Molluscum contagiosum is not an STD. however, if you have contact with an infected person you will get it. Therefore, avoid anybody’s contact with a person suspected of these bumps including sexual intercourse.
Scabies is quite a common problem and is characterized by an intensely itchy lesion on the finger webs, abdomen, and genitals. An individual with scabies will often have very itchy pimples like bumps or nodules on their penis head, shaft or scrotum.
For people who are not sexually active or haven’t had sex (especially multi-sexual partners), penile bumps could be caused by the following:
- Fordyce granules (small slightly raised bumps on the penis shaft)
- Ingrown Hairs on the base of the shaft
- Infected hair follicles
- Blocked oil glands
- Irritation from cosmetic products (shaving cream/body wash)
- Friction from rubbing against clothing
- Allergic reaction to soap or lubricant (rash)
Diagnosis and Treatment
For PPP, Healthcare providers prefer to leave them alone, because the papules don’t impose any risk on your health. Do NOT try to pick at them or pop them, and do NOT use an over the counter “wart remover” – these medicines are not meant for use on your penis. However, the following surgical procedures can be used by individuals who feel so much threatened by Pearly penis Papules:
Surgery should always be done after consultation and be carried out by a board-certified doctor or professionals.
These procedures include:
- Carbon dioxide laser surgery: Precise carbon dioxide lasers produce infrared energy that can dissolve the papules. This procedure is generally safe and effective.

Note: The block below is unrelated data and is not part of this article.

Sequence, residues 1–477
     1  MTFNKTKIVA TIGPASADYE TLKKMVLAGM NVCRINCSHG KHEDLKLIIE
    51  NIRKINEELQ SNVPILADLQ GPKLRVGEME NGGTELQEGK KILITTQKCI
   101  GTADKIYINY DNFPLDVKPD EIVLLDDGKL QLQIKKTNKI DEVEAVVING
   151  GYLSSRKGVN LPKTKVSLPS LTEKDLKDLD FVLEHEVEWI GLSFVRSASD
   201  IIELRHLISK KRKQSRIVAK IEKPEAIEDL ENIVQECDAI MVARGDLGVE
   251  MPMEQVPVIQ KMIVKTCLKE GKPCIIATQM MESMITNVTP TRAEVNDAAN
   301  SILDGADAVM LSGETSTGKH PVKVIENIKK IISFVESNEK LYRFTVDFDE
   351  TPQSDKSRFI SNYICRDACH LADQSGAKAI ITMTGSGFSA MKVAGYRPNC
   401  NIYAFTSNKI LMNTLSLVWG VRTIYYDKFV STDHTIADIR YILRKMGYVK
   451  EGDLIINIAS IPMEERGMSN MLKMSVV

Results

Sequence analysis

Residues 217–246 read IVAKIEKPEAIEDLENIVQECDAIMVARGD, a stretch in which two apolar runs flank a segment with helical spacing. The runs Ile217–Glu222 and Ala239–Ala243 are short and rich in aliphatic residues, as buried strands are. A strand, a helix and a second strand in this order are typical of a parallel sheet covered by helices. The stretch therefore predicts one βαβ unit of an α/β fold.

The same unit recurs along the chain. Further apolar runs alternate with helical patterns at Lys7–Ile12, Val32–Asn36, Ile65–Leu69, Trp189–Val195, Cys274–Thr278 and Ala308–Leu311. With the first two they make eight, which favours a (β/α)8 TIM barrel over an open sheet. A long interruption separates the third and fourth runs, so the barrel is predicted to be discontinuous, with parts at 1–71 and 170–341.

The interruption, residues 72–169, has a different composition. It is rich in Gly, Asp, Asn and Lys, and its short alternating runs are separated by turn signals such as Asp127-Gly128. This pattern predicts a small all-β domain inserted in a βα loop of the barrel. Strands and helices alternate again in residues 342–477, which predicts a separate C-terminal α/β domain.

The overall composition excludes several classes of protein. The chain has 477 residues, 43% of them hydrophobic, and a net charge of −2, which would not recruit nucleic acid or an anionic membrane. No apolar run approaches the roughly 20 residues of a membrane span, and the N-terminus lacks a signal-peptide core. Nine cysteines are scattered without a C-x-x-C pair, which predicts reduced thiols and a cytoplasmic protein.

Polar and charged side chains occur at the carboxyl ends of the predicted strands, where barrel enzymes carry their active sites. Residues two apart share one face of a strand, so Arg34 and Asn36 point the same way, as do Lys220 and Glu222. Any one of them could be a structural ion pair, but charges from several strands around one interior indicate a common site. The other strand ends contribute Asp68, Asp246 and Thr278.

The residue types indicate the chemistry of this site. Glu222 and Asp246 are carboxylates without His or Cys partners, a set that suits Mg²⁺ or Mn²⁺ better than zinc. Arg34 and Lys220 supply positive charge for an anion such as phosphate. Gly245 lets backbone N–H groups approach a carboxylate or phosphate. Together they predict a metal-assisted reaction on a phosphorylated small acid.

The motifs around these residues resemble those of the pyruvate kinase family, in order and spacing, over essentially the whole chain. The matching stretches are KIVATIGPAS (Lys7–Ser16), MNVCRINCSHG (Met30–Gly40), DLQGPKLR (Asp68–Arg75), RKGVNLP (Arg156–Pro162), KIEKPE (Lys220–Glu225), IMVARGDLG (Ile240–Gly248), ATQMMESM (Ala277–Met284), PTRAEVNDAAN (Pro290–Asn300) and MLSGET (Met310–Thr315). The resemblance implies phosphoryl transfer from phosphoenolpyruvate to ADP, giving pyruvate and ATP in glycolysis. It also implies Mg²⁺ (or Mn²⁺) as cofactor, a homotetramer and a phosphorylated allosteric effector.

- Excisional surgery: A surgeon uses traditional tools, such as a scalpel, to remove each papule individually. This approach is more likely than the others to cause scarring
- Radiosurgery: Targeted radiation creates free radicals, which are molecules that can damage healthy cells. The free radicals attack the cells of the papules, causing them to fade away. While accurate, radiosurgery isn’t any more accurate or effective than carbon dioxide laser surgery.
- Cryosurgery: This procedure uses extreme cold (frozen Nitrogen) to freeze the papules so they will disappear.
Use neutral cosmetic products
If you highly suspect that the bumps are due to a skin reaction or response, the best thing is to totally abandon these products and eliminate them from your skincare regime.
Individuals whose bodies react with cosmetic products like shaving creams should think of an alternative and skin-friendly products. In addition, use products which are less oily. Less oily or non-oily products will prevent blockage of oil glands.
Avoid washing the penis area with irritants and soaps with which the body is allergic.
Medications and drug therapy
Treatment with antiviral drugs can help people who are bothered by genital herpes outbreaks stay symptom-free longer. These drugs can also reduce the severity and duration of symptoms when they do flare up.
Drug therapy is not a cure, but it can make living with the condition easier. There are three major drugs commonly used to treat genital herpes symptoms.
- Valacyclovir (Zovirax)
- Famciclovir (Famvir)
- Valacyclovir (Valtrex)
These are all taken in pills.
Initial treatment is administered when you have symptoms such as sores when you’re first diagnosed with genital herpes, your doctor will usually give you a brief course (seven to 10 days) of antiviral therapy to relieve them or prevent them from getting worse. Your doctor may keep you on the drugs longer if the sores don’t heal in that time.
After the first treatment, work with your doctor to come up with the best way to take antiviral therapies.
Taking daily suppressive therapy may also reduce the risk of transmitting the virus to a sex partner. Antiviral drugs reduce viral shedding when the virus makes new copies of itself on the skin’s surface.
Before a treatment or any therapy is done on individuals with penile bumps, the doctor or physiotherapist may conduct a test for Herpes, HPV or syphilis.
When you should see a doctor
If you have the following problems, (signs or symptoms) or such difficulties see your primary care provider promptly.
- A hard lump on the penis
- Difficulties pulling back the foreskin of your penis
- Persistent penile lesions or sores that come and go
- Pain during erection
- Problems with maintaining an erection